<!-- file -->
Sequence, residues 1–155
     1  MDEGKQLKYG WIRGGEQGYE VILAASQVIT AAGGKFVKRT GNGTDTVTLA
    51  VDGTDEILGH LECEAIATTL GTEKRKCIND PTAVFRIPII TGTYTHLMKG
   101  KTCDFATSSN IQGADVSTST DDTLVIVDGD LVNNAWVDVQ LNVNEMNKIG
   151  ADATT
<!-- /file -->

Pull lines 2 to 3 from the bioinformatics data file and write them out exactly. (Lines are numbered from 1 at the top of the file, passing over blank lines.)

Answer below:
     1  MDEGKQLKYG WIRGGEQGYE VILAASQVIT AAGGKFVKRT GNGTDTVTLA
    51  VDGTDEILGH LECEAIATTL GTEKRKCIND PTAVFRIPII TGTYTHLMKG